To understand better the function of Mer in the regulation of immune system in lymphoid organs, we investigated the expression pattern of Mer in the mouse spleen and the contribution of Gas6 in mediating Mer-mediated macrophage phagocytosis. We found that Mer was present on all CD68+ macrophages and on a fraction of MZ (marginal zone) macrophages, but not on metallophilic macrophages. Interestingly, Mer mediated macrophage phagocytosis was mediated mainly through the soluble bridge ligand Gas6.
Materials
Biotin conjugated anti-mouse Mer antibody and recombinant mouse Gas6 (rmGas6) were purchased from R&D Systems (Minneapolis, MN). Anti-mouse FITC-CD11b, PE-CD11b, FITC-B220, PE-CD4, FITC-CD61, and FITC-CD11c were from BD Biosciences (San Jose, CA). Macrophage specific antibodies, PE-MARCO, FITC-MOMA-1, and PE-CD68 were obtained from Serotec Inc. (Raleigh, NC).
Mice
C57BL/6J (B6) mice (Jackson Laboratories, Bar Harbor, ME) were used as WT controls. Mer-KO mice were generated as described previously [8] and were 10 generations backcrossed to B6 mice. The Gas6-KO mice were generated by Dr. Carmeliet [18] and were subsequently bred and maintained in our mouse colony at the University of Pennsylvania or at Temple University. Recipient and donor mice were sex and age matched within each independent experiment. All of the experimental procedures performed on these animals were conducted according to the guidelines of the Institutional Animal Care and Use Committee.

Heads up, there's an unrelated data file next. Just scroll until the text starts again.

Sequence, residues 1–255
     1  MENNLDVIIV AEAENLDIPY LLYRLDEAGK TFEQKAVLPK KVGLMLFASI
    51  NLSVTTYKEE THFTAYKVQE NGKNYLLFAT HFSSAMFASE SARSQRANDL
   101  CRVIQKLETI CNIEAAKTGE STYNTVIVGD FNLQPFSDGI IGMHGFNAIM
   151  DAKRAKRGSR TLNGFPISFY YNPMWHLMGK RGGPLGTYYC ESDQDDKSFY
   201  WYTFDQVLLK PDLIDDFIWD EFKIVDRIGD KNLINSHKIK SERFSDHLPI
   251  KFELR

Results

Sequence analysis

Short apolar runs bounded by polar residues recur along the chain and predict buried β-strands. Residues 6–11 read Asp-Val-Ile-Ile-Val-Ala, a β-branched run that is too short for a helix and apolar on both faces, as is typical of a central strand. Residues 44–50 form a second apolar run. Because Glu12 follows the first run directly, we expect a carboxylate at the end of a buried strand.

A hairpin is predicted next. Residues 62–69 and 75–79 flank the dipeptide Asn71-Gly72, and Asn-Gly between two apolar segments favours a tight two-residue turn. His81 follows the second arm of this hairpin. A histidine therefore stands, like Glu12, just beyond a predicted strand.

Immunofluorescent staining
Mouse spleen was snap-frozen in liquid nitrogen. Sections (5 μm) were air-dried for 10 minutes, followed by 30 minutes incubation with 1% BSA in PBS. Sample sections were then blocked with 3% BSA in PBS. Mer expression was detected by overnight incubation with biotin-labeled anti-Mer at 4°C and visualized with PE-streptavidin or FITC-streptavidin. All other antibodies were incubated with tissue sections for 4–6 hrs at 4°C. Slides were mounted in Anti-fading Aqueous Mounting Medium (Biomeda Corp., Foster City, CA), and images were acquired using an Olympus BX60 fluorescence microscope equipped with camera (Center Valley, PA).
Preparation of peritoneal macrophages
B6 and Mer-KO mice were injected i.p. with 1 ml of 3% thioglycolate (in 1 × PBS, 3 months aged in the dark). Peritoneal macrophages were collected at day 5 with wash buffer (RPMI1640 with 2% FBS and 0.2 mM EDTA). 500μl cell suspensions were placed in 24-well plates at a concentration of 2×106 cells/ml in complete medium (RPMI with 10% FBS, 1% penicillin/streptomycin, 1% sodium pyruvate, and 0.1% 2-ME). After 2hrs, nonadherent cells were washed off with PBS and the remaining cells used for phagocytosis assay.
Mouse sera preparation and heat-inactivation
Mouse blood samples from Gas6-KO and WT mice were collected by intracardiac puncture terminal bleeding under anesthesia. Mouse sera were collected after overnight clotting at 4°C. Sera were then stored at −20°C until further assay. Heat-inactivation was performed by incubating serum samples at 56°C for 30 minutes.
Macrophage in vitro phagocytosis